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Getting Voted Back onto the Island; Part 2 – Surviving: The Physical Needs

by | Oct 31, 2008

An increasing number of business continuity professionals and disaster recovery experts are discovering that the most vulnerable links in the continuity of operations chain are the people a business serves and the people who serve them. While this seems intuitively obvious now, for decades resolving the fragility of technology has been the exclusive focus of the industry. 

 

This series has explored in detail why both employees and customers are prone to staying away from business sites, gathering their “tribe” close and effectively voting businesses off the island.

 

Their Needs, Your Needs and Our Needs

The greatest need of a business during adversity, crisis or disaster is manpower. All things equal, the business able to mount the best response will be the business with the most people responding. The problem is that the same is true for individuals and their tribe (those close to them). This creates the first conflict, the tribe needs manpower and your business needs manpower, but in light of limited resources, the individual employee must choose where to place their attentions. In this equation, the business is predisposed to lose.

 

Changing the equation means changing the perception of that manpower must be allocated to the tribe or the business to a perception that manpower can be allocated to the tribe and the business simultaneously. To accomplish this feat, the business must partner with the individual to provide one or more of the tribe’s survival need in each of the two survival functions, safeguarding and sustaining.

 

Safeguarding: The Most Basic Human Function

Before an individual (employee or customer) will leave their tribe and journey to the business, the individual must be assured that they and the tribe are safeguarded in a very concrete fashion. For a business to partner with the individual to safeguard the tribe, the business must not only ensure a safe and secure environment at the business site, but must assist the individual in providing that safety and security for the rest of the tribe whether the tribe accompanies the individual to the business site or remains elsewhere.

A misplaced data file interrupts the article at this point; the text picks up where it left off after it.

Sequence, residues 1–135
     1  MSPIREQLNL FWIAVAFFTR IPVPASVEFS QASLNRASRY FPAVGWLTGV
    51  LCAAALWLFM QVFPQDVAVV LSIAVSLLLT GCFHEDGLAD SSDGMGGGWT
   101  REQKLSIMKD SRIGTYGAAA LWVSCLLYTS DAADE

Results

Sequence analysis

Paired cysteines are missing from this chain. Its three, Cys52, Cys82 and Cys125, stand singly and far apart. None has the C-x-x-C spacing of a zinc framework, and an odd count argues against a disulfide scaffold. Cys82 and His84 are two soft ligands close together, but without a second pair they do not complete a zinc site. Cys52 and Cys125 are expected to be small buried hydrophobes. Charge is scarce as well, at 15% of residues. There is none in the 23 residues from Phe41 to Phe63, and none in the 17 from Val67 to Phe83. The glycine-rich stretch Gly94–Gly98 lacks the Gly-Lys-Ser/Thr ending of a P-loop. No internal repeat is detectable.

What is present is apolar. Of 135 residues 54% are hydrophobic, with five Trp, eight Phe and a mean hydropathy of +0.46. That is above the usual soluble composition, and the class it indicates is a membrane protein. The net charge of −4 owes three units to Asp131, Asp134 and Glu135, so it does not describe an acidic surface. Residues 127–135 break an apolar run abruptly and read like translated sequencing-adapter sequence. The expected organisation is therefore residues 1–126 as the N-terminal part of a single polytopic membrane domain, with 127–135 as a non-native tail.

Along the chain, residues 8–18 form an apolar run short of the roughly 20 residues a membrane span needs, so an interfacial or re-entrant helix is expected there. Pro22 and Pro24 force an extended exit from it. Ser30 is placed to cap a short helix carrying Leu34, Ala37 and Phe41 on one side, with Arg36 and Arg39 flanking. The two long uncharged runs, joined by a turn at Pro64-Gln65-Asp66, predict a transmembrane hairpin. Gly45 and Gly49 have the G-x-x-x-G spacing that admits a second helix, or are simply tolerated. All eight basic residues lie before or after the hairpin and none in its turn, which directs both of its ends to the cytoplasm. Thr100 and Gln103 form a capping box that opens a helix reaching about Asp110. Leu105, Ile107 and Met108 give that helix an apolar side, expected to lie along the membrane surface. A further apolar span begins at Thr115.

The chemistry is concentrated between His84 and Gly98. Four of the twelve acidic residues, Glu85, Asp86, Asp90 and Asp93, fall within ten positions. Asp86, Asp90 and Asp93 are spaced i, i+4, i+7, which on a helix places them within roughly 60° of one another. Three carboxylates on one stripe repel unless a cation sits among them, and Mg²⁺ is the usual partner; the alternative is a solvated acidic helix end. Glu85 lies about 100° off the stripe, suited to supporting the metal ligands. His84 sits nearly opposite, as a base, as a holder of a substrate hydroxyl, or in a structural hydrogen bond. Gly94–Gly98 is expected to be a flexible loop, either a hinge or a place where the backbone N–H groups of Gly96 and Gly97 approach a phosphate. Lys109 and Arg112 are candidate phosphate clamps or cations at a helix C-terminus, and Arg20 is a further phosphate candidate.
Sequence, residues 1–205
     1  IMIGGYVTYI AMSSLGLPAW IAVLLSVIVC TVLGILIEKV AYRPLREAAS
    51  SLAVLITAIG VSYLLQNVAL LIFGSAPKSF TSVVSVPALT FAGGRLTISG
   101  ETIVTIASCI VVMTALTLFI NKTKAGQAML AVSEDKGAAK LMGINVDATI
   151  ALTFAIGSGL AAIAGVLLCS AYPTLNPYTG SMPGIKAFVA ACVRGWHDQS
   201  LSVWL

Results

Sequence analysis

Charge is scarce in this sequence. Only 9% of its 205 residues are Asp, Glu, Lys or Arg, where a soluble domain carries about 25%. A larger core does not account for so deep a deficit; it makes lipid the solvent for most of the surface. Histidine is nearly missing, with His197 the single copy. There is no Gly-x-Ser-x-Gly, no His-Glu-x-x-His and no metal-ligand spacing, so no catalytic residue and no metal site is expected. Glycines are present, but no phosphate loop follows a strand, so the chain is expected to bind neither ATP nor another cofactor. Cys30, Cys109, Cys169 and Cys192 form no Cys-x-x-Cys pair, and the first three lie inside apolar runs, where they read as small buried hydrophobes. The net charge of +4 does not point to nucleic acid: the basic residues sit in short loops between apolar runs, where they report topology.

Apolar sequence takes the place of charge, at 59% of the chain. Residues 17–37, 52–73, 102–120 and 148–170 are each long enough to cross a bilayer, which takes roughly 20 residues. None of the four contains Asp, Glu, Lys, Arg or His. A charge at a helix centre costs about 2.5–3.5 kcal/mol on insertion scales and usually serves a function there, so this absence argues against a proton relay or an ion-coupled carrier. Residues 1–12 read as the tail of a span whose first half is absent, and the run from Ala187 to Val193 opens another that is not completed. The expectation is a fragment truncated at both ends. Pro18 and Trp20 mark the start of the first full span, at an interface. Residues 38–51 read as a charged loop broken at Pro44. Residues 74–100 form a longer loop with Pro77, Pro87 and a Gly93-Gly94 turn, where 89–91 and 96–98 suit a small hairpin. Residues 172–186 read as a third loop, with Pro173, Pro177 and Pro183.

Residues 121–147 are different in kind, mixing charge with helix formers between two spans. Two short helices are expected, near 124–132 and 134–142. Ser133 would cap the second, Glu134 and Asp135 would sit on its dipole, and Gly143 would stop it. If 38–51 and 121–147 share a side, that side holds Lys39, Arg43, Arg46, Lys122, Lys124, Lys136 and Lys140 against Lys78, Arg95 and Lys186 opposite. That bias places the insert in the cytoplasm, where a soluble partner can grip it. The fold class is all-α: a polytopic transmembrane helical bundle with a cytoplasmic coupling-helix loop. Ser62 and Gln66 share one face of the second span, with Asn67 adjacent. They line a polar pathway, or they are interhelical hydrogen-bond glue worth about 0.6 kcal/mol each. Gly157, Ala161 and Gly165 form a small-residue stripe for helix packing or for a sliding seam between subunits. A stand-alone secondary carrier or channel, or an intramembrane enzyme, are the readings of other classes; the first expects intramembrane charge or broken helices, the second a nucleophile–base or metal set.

This explains why individuals will venture out, even before roads are safe, to purchase building supplies at the local hardware store or obtain medical care at the emergency room. Similarly, hospitals and emergency shelters have long known that if they allow staff families to shelter in place at the work site, absenteeism falls precipitously. Shelter assistance, home repair services, alternate housing sites, travel assistance, even transportation and “disaster daycare” are but a few suggestions that businesses should consider towards laying the foundation for partnering with the tribe.

 

Sustaining: The Most Obvious of Needs

The key to becoming a partner for sustaining the tribe is to become as essential as the things that sustain each member of the tribe. In times of crisis and disaster, tribes seek to become like spacecraft, self contained vessels protecting that which sustains life; air, water, food, clothing and fuel. Most business disaster plans, continuity of operations plans, pandemic plans and business continuity plans, if they address survival needs at all, seek to make the business site like a space station to sustain the individual. The business owner that becomes a true tribal partner provides for those their business seeks to attract in the same way they provide for their own tribe. In this way they identify the sustenance unique to their locality. Few hardware stores are in the business of selling canned foods and camping meals, but when a hurricane threatens, these stores stock the shelves with water and canned goods knowing that this will attract the customers already in need of the safeguarding that building repair supplies facilitate.

 

Most supplies that sustain the tribe are common sense items easily stockpiled and even more easily distributed. This is one area where business continuity professionals and disaster recovery experts excel, but it must be remembered that, like the food at the hardware store, these supplies only attract people if they believe their tribe is safe. Moreover, these sustaining supplies only attract people to a particular business if that business is the associated with the tribe’s safety as well.

 

Welcome to the Tribe

The natural instinct of people during and after a crisis or disaster is to gather those most dear to them, then partner with those most useful to them. In the modern age of organized disaster response, emergency services and volunteer aid, the window of opportunity for a business to be “useful” or even “relevant” is vanishingly small. However, when a business has built relationships with employees and customers, collaborating for needs of their respective tribes, the business becomes part of the tribe and gets to stay on the island.

 

The next segment of this series will examine, 

Part 3 – Gratifying: Emotional, Interpersonal and Spiritual Needs

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